Posted by: drgeophysics | July 30, 2014

Siberian craters–Explosive release of Methane.

In following the excellent reporting of the recently observed craters that have formed in Siberia, I am convinced that these were formed by explosive release of Methane gas.  If you have been following these reports, in my opinion, the best reporting has been in the Siberian Times.

The first report is here and includes excellent pictures.   I agree completely with the expert Andrey Plekhanov quoted in this first report.  Because of production activities in the Yamalo-Nenets Autonomous Region, some 30 kilometers from the Bovanenkovo gas field, changes in this system as a result of gas production might be a possibility, although this is difficult to determine without more detailed information.  A youtube video of the site, collected by Russian scientists, can be seen here -> Siberian crater.

A second news report can be viewed here.

There is a sense in this article that methane clathrate might be related to this crater formation.  You can review methane clathrate definitions here.  A summary specific the oceans can be found here.  These should not be confused with cold seeps.  A scientific paper that describes explosive release of such clathrates, following the last ice age, is located here–this might be behind a fee-wall; just google until you find something similar, these terms will get you started.  An open source link to the abstract, including the authors contact information can be found at this Harvard University site.  Bottom line–the structures with respect to crater topology are identical with the Siberian craters.  Unsurprisingly these crater structures were hinted at in bathymetric charts from 1954 and more a more detailed translated report completed during the Soviet Union era.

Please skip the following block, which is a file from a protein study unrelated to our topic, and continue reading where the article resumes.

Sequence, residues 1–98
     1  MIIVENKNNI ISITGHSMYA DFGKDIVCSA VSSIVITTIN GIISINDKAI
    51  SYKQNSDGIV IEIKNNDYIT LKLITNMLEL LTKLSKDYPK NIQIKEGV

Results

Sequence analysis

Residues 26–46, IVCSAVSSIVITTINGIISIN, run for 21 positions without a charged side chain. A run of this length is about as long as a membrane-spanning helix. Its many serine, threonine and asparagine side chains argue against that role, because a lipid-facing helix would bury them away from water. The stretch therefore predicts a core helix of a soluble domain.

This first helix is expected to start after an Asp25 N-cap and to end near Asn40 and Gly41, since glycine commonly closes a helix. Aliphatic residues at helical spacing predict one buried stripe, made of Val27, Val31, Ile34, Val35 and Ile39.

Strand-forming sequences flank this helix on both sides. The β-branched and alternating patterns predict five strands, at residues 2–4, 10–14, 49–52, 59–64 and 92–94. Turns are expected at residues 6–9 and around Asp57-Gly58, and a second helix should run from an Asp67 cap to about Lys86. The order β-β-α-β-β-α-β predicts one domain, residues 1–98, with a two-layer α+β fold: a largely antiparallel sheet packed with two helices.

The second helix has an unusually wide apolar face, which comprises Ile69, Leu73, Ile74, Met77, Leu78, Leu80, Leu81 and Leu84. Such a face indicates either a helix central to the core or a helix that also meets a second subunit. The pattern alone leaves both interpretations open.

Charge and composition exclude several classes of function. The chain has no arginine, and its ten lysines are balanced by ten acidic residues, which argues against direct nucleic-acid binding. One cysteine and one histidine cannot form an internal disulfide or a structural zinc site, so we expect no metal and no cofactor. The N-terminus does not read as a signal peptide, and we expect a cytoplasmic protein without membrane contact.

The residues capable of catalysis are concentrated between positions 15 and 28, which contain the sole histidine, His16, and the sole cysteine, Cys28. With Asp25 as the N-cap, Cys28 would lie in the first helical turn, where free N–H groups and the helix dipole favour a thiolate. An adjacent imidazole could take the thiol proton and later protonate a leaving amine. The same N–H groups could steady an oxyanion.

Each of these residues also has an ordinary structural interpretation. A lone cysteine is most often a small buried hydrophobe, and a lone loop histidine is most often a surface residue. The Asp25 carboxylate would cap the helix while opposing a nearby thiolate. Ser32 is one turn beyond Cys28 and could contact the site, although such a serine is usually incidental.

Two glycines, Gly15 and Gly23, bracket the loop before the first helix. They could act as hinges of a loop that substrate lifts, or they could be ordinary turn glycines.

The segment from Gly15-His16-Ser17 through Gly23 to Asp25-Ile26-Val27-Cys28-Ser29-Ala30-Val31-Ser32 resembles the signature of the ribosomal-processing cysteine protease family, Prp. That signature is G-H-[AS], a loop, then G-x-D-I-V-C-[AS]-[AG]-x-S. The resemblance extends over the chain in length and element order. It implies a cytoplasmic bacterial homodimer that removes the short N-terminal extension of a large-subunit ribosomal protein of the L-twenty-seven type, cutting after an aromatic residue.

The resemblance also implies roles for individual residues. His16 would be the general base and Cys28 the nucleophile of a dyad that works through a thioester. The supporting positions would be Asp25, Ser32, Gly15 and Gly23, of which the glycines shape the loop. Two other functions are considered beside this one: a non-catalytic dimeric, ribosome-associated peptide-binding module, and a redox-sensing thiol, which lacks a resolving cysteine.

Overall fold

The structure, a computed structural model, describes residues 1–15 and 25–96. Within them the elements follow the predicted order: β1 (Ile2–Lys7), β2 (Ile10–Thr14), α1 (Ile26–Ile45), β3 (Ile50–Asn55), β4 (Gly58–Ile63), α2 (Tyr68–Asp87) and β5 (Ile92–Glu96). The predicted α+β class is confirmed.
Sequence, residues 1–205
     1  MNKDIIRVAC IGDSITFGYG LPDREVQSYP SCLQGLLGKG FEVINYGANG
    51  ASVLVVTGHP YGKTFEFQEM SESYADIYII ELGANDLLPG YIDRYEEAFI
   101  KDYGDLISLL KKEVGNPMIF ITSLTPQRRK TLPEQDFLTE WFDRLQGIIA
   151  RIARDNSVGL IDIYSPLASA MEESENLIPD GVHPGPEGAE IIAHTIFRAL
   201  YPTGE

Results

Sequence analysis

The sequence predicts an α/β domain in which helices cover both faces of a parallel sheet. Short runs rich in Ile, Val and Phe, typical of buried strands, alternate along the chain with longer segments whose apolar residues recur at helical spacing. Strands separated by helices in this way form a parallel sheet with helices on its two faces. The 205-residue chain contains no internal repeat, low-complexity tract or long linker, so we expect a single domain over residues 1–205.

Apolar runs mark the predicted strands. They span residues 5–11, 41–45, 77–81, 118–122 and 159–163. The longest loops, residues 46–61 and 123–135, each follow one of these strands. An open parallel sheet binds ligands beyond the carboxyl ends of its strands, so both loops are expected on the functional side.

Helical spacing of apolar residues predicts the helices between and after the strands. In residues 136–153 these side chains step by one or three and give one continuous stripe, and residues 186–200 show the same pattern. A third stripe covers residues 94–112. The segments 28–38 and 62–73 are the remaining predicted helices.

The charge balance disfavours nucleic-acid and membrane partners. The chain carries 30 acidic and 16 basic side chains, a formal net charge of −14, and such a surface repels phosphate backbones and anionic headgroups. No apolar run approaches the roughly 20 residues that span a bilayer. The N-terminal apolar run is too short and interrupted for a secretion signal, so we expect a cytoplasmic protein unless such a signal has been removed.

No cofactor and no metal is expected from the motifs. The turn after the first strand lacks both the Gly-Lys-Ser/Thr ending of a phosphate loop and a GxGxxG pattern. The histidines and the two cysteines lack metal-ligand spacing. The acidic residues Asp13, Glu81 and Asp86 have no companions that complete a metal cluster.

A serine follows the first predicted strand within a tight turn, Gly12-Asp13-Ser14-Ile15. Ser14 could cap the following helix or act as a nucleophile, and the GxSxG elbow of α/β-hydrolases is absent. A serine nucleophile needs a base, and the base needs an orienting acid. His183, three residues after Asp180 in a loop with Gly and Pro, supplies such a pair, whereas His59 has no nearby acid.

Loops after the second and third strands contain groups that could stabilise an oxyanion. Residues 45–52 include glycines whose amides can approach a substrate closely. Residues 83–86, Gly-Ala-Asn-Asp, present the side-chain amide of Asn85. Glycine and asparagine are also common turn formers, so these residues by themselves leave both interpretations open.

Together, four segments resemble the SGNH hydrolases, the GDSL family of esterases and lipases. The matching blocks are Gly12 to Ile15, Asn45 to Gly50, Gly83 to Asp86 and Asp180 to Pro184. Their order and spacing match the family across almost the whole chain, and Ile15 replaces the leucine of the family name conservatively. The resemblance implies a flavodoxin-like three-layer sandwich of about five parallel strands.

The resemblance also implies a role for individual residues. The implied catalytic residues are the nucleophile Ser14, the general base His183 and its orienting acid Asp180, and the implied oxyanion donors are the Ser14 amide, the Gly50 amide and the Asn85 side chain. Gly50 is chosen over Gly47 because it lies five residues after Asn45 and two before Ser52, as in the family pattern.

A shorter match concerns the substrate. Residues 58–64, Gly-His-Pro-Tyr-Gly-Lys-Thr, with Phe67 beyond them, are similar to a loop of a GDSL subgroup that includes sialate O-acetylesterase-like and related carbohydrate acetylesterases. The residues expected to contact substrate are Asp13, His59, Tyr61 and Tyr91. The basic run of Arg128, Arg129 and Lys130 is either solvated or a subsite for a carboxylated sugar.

The world’s largest crater like structures have been documented offshore of New Zealand and are described here.

All these observations lead to the question–how much Methane is being released by oceanic and land systems from geological partition of the earth system?  Here is a cool site showing work being completed in the East Siberian Arctic Ocean.  This link has an interesting plot of the atmospheric methane concentration.  There are several atmospheric methane gas spikes, these are very interesting to consider.  NASA methane monitoring is described in this press release.  Methane science is described here, along with budget cuts being enacted.   The NOAA Global Monitoring Division is described here.   The global surface measurements are well presented here, available in ArcGIS format also.  An interactive mapping tool is presented here.

Methane hydrates are commonly found in sub-oceanic settings.  A possible link with the Deepwater Horizon tragedy was proposed and is documented here.

 

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